Continuous delivery is valuable, but where do you start? At the start of a greenfield development you have no software, and if you had any software, you would not know how to put it into production.
Deploy a blank page to production, so that you know all the steps necessary to deploy the next time. This way you can start iterating on features together with actual users from day one, and speed up the way you deploy with each iteration.
Either you or your organisation are afraid to ship, and you don’t know where to start. On the one hand you have no software to deploy, on the other hand, you don’t know how to deploy it.
When deployment is done by someone else
Even though continuous delivery pipelines are becoming more common, this still happens.
Deployment of websites and applications is outsourced to a different department or company. Deployments happen by handing over a packaged version of the application (e.g. a virtual machine, a .jar file, or a zip file with sources and other assets) together with a document for ops detailing the steps needed to deploy the software.
Releases happen infrequently and are error prone. This often leads to pressure to deploy less frequently. This leads to development teams that are out of sync with delivery - e.g. a team can deliver changes only once a week or once every two weeks.
When you start from scratch
Prefer a technology stack that comes with simple, scripted deployment out of the box, or one that makes deployment extremely straightforward. Create that blank page or the ‘Hello world!’ API and deploy it.
Examples would be Heroku, AWS Amplify, Dokku if you want to self-host many small experiments on the cheap, or Zapier if you need to glue things together.
When you don’t take your own advice
Marc dug this posts out of the drafts folder, as we are cleaning house in our writing. It was originally scheduled for September 2014. I was wondering if this still applied. It does. I started on my second architectural spike for a flashcard app for developers last week. I wrote off the first spike, because deployment would be too much work, due to too many moving parts. It was fun hacking, but three or four docker containers is a lot if you’re spiking on your own, and I was making too many mistakes in development because of it. Deployment would also be several moving parts and some custom scripting. The second walking skeleton was a lot faster, I figured a fair few things to leave out in the domain and the tech to get to a walking skeleton. I chose a glorious little monolith for dirt-road deployment.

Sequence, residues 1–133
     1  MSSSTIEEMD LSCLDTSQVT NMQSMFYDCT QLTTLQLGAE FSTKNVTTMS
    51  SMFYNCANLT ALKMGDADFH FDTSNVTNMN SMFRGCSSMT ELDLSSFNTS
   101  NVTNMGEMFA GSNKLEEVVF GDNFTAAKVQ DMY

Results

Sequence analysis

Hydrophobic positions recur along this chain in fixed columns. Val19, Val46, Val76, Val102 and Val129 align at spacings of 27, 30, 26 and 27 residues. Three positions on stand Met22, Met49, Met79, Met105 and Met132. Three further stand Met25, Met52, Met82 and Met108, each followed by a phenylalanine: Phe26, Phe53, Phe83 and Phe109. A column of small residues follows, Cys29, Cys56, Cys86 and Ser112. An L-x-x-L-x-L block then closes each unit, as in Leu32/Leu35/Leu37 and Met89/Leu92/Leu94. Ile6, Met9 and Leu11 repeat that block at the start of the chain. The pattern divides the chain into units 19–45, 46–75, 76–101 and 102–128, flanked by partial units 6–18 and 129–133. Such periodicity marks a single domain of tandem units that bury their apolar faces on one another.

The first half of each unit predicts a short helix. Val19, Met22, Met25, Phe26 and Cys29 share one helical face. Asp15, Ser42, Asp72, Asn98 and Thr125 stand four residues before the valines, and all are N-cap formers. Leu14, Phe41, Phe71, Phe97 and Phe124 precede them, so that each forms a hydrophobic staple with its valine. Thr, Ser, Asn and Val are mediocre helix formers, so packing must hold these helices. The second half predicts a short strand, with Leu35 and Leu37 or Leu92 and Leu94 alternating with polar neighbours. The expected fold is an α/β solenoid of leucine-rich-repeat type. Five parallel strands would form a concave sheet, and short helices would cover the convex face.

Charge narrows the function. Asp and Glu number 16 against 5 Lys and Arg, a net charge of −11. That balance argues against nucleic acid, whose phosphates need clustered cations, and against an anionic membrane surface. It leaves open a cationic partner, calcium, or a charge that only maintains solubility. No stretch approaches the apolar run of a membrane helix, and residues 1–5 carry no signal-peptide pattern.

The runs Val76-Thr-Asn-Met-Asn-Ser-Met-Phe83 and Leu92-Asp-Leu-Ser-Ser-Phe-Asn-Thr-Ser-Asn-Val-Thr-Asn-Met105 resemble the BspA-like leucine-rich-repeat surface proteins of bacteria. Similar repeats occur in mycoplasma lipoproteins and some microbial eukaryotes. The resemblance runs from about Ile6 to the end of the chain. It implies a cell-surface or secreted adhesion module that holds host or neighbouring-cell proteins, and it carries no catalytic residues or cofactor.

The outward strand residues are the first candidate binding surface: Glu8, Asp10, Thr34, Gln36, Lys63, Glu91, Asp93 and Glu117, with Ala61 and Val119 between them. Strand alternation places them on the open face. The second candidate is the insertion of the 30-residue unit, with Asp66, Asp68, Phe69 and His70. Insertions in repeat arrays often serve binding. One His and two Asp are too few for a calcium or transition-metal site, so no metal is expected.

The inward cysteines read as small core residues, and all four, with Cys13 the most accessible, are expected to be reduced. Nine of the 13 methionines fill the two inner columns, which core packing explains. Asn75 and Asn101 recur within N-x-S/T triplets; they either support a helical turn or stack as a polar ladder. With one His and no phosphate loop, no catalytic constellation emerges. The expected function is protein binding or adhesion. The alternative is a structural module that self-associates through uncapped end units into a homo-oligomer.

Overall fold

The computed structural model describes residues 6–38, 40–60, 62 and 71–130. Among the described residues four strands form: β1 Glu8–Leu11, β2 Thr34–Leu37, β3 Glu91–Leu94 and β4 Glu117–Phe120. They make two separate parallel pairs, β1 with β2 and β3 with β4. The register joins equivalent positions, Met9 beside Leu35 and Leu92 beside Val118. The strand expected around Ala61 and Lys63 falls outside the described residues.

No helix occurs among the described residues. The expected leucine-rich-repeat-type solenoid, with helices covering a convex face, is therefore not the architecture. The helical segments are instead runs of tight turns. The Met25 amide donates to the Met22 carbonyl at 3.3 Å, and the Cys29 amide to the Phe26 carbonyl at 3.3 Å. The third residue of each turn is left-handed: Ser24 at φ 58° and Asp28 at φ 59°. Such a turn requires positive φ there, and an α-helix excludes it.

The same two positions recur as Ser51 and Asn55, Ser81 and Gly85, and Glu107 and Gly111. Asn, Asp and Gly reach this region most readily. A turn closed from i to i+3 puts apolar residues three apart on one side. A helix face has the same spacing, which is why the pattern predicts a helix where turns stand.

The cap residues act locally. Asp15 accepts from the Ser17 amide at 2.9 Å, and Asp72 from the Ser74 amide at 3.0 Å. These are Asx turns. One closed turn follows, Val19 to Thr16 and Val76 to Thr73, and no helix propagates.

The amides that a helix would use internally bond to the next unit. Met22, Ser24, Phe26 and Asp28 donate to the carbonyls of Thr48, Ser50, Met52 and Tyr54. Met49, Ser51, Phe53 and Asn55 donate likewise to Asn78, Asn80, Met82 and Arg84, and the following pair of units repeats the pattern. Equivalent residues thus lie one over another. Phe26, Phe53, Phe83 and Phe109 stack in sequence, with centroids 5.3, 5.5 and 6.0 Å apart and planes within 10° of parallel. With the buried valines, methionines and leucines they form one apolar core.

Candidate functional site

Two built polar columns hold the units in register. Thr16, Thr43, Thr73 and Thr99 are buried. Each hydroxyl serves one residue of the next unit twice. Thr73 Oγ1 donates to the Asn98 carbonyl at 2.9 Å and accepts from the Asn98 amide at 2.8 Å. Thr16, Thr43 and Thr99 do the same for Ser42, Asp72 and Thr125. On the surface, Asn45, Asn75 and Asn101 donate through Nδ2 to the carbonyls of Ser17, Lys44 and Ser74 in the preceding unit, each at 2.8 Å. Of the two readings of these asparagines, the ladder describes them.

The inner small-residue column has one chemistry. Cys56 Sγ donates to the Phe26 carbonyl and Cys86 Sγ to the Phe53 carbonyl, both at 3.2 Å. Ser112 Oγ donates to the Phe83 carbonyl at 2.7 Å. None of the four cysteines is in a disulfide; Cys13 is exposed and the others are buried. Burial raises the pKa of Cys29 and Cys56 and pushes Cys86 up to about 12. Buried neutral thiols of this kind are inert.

I didn’t deploy a blank page to production, but thought once the walking skeleton was done (in slightly under two workdays, so not too much), I’d deploy to a raspberry pi in our home, so that I could defer security until another round, and start testing on multiple devices. When I wanted to do that this morning, I found out that the build tooling I chose doesn’t support the pi’s ARM processor. I could have found that out two days ago. It is not the end of the world, but an unpleasant surprise none the less.
Your team, your stakeholders, operations people, testers and anyone else know what is involved in a release, so there is less fear of doing it again. Everyone can improve something for the next release.
Since you start small - with nothing - you can ship as often as you want. Do the next release quickly after the first one, to get into a rythm, to reduce the risk of errors, and to speed up rollback or recovery in case it is needed.
When you ship a small change, it’s easy to find the ones who know how to handle anything that might go wrong. Errors that are made are likely to be smaller, with less impact.
This is a (proto-)pattern we’ve used in various contexts since at least 2001, when we started doing continuous integration and later continuous delivery. We probably stole this from somewhere else, probably from eXtreme Programming explained 1st edition by Kent Beck, the c2 wiki or the XP mailing list.
Credits: Thanks to Marc Evers for asking if there was value in old drafts, editing and drawing the graphic.